What FS marketers really think about their brands

Encouraged by the almost Kardashian-like number of views of my last blog, discussing research on how FS marketers define marketing, I thought I’d try another research-based topic.  And like last time, the research content is a brief summary of findings from a study among senior financial services marketing people, commissioned for my forthcoming book No Small Change, co-written with Anthony Thomson and published early next month.

The large majority of respondents worked for firms with at least some D2C distribution, so I suppose it’s no big surprise that 93% of them said that a strong consumer brand is important for their business.  (Just over half of these thought that it was not just important, but increasingly important.)

But after than, the findings were a lot more surprising – and not in a good way.  Only just a shade over a half, for example, thought that their own organisations actually had a strong consumer brand.  A third thought that their direct competitors’ brands were generally stronger than their own.   And when it came to “real” differentiation, the majority thought that their organisations were either “dependent on communications activity” to appear different from their competitors, or “not really different at all.”

Just to reality-check responses to that first question, we also asked respondents whether they believed that strong end-consumer brands are generally important for success in financial services.  95% said they were, and no-one said they were not at all important.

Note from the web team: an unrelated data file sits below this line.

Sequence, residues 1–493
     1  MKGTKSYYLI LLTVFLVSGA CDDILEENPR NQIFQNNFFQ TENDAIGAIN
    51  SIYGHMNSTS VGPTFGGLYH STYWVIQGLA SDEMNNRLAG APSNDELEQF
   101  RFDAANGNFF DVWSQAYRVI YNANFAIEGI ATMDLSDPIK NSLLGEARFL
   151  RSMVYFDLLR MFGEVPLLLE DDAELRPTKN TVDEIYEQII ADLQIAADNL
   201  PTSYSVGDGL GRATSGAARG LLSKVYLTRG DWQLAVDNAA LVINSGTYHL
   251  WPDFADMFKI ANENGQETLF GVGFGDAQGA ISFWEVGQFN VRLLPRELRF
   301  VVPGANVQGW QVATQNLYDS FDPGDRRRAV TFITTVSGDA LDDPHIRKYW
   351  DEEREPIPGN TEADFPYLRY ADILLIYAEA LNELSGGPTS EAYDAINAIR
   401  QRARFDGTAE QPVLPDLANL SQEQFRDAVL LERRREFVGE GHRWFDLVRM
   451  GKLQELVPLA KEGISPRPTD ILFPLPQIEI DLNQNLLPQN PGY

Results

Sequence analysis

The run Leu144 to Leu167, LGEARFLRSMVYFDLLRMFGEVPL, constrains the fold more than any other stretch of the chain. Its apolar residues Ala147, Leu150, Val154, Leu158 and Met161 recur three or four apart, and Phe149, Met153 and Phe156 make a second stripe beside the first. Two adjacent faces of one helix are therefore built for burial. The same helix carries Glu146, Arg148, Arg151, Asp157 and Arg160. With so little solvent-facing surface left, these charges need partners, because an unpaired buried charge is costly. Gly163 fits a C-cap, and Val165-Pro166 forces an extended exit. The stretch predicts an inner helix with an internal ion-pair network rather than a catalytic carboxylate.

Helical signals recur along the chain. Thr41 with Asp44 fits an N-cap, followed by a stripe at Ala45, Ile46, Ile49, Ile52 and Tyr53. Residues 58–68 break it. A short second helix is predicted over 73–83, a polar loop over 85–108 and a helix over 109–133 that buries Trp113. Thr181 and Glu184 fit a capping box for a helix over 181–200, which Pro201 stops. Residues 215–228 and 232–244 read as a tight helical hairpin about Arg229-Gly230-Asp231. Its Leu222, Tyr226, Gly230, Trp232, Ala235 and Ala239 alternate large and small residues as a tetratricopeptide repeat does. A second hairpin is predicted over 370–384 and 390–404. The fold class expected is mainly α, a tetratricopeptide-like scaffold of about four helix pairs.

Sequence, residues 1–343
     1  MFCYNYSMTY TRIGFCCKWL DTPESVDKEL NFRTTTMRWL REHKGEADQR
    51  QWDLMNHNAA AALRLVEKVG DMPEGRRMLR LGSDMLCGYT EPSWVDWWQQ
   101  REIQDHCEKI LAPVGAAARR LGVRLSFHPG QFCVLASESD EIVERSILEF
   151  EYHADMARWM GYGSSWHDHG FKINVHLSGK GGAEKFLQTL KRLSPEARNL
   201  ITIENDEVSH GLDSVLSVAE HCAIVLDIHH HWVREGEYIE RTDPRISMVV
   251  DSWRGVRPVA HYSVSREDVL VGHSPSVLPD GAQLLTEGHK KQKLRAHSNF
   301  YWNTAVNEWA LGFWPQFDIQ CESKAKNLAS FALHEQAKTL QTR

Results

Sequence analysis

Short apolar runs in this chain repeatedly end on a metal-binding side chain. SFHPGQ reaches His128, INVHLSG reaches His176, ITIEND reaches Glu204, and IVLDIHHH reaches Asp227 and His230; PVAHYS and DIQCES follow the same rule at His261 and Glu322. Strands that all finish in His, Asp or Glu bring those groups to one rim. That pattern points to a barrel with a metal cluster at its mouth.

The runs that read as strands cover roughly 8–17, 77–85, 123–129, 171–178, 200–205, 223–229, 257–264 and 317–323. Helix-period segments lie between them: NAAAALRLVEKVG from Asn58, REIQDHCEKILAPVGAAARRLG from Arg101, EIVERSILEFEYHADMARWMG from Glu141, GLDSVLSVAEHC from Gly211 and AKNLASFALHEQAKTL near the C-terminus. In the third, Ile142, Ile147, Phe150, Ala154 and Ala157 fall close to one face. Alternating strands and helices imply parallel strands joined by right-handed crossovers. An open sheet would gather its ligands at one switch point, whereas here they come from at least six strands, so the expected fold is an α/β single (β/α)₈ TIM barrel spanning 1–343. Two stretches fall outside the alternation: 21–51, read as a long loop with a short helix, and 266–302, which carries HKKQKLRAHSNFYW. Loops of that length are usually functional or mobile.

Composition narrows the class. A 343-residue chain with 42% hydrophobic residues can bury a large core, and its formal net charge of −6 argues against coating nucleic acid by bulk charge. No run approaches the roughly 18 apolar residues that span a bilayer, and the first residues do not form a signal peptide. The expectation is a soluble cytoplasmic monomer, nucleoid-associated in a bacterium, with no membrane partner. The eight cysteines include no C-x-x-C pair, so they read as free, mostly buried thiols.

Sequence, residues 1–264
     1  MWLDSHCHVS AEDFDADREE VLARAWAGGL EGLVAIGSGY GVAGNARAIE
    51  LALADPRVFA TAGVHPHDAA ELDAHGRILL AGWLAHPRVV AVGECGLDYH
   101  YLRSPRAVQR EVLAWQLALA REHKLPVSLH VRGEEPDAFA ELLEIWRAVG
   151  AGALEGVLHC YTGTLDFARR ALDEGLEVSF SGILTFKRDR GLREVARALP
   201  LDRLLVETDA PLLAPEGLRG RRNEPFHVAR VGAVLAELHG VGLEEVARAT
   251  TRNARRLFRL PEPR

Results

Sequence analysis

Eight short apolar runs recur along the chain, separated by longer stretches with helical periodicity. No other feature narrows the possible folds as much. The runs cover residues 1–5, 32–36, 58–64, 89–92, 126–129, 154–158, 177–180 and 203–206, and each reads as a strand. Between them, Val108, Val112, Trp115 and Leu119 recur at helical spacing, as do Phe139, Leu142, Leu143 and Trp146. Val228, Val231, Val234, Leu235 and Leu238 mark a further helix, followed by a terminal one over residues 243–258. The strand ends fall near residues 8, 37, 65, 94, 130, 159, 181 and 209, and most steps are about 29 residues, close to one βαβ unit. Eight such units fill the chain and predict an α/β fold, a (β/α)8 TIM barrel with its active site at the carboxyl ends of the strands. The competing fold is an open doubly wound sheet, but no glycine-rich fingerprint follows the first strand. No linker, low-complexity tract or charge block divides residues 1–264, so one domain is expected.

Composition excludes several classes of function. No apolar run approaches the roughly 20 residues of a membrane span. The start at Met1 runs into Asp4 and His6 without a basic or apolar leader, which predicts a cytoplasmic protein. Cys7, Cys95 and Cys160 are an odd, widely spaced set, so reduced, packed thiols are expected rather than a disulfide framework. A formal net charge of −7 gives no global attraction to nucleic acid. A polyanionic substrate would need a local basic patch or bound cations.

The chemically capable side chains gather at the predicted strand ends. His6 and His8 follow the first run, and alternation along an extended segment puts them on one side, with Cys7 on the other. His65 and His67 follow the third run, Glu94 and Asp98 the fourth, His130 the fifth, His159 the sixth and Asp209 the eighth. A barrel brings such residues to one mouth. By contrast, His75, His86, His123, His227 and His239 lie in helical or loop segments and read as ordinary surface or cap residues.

You have to say, on behalf of the financial services marketing community, that these findings are a bit of a worry.  Here is a business asset which is generally accepted to fall within the remit of marketers, and agreed by between 93% and 95% of respondents to be important for success – but where somewhere around 50% of respondents believe that their own firm’s brands are weak, and/or that competitors are stronger, and/or that their firms don’t actually possess the degree of differentiation that provides a platform for brand-building.

I don’t think that in this blog I have much to add to that last paragraph (unlike in the book, where as I recall we bang on about it at some length).  The only thing I do have to say is that of course, at a purely personal level, the picture painted by these findings makes me wonderfully, blissfully happy.  It looks like there’ll be loads of work for financial services brand consultants like me for many years to come.

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